We're helping to restore wetlands, estuaries, and coral reefs to build coastal and community resilience.
In partnership with Kāko‘o ʻŌiwi, TNC is reintroducing traditional farming to the Heʻeia wetlands to minimize flood damage, reduce sediments and nutrients flowing out onto the reefs of Kāneʻohe Bay, and provide healthy food and clean water to the local community.
Promoting Local Food and Tradition
At Heʻeia, native Hawaiian management practices are shaping conservation. With a lease over 400 acres, Kākoʻo ‘Ōiwi is removing invasive vegetation and replanting the wetlands with traditional lo‘i kalo (taro fields) and other lowland crops. The group supplies restaurants and other local outlets with poi and produce and will soon begin replanting upland areas with traditional foods such as breadfruit and banana.
Using Science As Our Guide
TNC scientists are working with Kāko‘o ʻŌiwi to document the benefits of restoring lowland agriculture, including how lo‘i filter sediments and absorb nutrients that would otherwise flow directly onto Kāne‘ohe Bay's reefs. This information helps ensure we pursue strategies most likely to reduce pressures on coral reefs and nearshore fisheries. Improving fresh water flow is also helping reestablish habitat for native fish and other freshwater species that once dominated wetland streams.
Pursuing a Shared Vision
This project is part of an ambitious effort initiated by the Ko‘olaupoko Hawaiian Civic Club to restore the entire He'eia ahupua'a, a traditional land division extending from mauka to makai (mountains to sea). The effort garnered strong community support and grassroots non-profits are leading restoration of He‘eia’s upland forests, wetlands, and fishpond. Papahana Kualoa is working with Hui Kū Maoli Ola, a native plant nursery, to restore the uplands and Paepae O He‘eia is restoring the ancient 88-acre fishpond, while TNC works with Kāko‘o ʻŌiwi to restore the wetlands. We have partnered with the State Division of Aquatic Resources and University of Hawaiʻi to restore the adjacent coral reefs in Kāne‘ohe Bay.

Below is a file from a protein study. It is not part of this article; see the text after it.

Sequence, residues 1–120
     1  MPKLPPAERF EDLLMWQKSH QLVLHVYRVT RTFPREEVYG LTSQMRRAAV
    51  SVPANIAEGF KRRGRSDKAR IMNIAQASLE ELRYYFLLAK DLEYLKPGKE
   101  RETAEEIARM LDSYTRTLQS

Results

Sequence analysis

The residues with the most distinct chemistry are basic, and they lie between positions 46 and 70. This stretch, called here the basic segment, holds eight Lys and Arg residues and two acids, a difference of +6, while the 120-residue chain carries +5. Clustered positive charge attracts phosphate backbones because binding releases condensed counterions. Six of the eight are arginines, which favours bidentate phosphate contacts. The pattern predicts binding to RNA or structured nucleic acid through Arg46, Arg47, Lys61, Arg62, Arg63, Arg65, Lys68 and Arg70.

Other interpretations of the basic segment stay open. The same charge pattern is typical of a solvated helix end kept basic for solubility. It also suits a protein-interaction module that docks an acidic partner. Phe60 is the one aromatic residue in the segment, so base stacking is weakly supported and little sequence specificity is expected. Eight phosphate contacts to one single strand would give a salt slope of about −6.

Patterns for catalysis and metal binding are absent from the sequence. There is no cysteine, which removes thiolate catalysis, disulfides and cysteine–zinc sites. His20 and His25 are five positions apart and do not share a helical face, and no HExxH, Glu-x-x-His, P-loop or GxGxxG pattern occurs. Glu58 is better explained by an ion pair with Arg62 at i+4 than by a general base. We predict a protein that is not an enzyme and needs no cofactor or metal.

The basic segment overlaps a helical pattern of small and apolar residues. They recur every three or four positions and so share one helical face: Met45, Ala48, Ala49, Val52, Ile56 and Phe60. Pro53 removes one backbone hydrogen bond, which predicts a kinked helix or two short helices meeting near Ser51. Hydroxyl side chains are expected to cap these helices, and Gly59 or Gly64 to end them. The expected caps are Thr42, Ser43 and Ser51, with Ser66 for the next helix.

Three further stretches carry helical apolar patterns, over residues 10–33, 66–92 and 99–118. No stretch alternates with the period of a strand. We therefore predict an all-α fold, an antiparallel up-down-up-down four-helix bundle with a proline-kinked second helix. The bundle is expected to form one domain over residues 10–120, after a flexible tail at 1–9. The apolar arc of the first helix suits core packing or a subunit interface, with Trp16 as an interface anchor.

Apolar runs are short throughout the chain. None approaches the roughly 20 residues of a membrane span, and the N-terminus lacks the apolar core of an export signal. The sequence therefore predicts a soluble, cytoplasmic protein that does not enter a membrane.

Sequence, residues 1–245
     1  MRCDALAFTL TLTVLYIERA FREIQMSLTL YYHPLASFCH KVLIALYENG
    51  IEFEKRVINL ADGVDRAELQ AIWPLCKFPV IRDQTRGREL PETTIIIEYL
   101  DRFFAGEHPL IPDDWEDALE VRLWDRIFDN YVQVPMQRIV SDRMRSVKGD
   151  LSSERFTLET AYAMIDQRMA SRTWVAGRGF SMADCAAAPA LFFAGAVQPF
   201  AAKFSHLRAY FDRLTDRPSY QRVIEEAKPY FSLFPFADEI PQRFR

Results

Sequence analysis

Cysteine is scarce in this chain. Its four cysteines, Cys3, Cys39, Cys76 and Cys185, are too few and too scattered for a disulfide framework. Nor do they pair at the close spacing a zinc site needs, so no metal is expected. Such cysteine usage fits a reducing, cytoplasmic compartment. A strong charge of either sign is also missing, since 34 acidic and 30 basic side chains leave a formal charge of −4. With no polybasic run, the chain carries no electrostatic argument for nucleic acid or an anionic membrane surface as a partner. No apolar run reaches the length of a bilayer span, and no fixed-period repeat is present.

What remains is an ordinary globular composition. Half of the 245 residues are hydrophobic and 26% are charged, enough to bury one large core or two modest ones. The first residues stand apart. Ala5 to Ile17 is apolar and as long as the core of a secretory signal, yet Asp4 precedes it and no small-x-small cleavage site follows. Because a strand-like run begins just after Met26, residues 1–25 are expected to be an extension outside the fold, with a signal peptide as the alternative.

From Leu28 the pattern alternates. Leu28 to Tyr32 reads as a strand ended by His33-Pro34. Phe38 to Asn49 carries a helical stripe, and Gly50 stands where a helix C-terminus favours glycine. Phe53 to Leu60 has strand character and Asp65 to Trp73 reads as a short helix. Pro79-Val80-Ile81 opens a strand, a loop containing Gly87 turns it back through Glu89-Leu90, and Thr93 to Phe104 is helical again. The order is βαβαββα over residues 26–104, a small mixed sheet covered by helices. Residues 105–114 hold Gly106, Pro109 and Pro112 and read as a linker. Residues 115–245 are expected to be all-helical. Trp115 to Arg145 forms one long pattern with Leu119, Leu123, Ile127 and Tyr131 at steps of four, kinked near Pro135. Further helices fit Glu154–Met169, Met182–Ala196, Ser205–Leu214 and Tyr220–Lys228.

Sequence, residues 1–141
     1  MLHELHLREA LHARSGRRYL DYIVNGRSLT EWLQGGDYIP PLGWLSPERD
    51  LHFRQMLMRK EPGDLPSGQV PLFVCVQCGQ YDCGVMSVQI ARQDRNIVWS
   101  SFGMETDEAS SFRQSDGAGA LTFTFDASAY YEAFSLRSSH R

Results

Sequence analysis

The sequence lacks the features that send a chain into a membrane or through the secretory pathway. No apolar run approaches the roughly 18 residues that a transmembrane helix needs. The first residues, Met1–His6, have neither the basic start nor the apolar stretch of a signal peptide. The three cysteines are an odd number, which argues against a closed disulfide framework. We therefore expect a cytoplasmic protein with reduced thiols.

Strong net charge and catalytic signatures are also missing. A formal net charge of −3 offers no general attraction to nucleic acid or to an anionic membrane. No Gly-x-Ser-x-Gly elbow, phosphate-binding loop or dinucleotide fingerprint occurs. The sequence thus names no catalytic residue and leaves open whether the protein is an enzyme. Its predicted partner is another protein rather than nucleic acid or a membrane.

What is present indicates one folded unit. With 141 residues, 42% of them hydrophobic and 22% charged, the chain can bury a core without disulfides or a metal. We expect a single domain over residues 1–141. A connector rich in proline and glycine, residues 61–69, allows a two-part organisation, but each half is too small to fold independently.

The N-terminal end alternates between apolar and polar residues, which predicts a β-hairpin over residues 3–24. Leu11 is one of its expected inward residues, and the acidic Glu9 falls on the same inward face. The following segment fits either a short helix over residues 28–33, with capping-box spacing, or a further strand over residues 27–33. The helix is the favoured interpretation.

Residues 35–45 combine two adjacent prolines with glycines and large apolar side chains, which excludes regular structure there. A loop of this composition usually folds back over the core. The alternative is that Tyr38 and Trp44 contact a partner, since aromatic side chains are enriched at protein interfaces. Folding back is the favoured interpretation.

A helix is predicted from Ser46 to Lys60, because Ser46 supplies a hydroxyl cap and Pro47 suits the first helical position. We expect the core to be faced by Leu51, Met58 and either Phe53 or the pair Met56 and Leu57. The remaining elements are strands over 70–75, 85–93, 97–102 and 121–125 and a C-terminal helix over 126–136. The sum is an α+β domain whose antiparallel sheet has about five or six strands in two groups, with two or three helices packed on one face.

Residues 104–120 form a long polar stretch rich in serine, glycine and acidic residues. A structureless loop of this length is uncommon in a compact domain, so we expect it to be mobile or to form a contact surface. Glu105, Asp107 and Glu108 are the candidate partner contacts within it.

The strength of this partnership attracted national attention and, in 2017, the National Oceanic and Atmospheric Administration named He‘eia a National Estuarine Research Reserve (NERR), a designation that brings with it federal funding for research and education. When the restoration is complete, fresh water will once again flow unimpeded from upland forest through the wetlands to the reefs of Kāne‘ohe Bay, nourishing native plants and animals and the people of He‘eia.
Kāko‘o ʻŌiwi hosts community work events on the 2nd Saturday of each month from 8:30 a.m. to noon. Thousands of volunteers are contributing to the restoration, in exchange for the opportunity to learn and practice cultural traditions. Join them and help weed and maintain existing loʻi kalo, build ʻauwai (water channels) for new loʻi kalo, and clear invasive vegetation. Visit the Kāko‘o ʻŌiwi website to register and get details.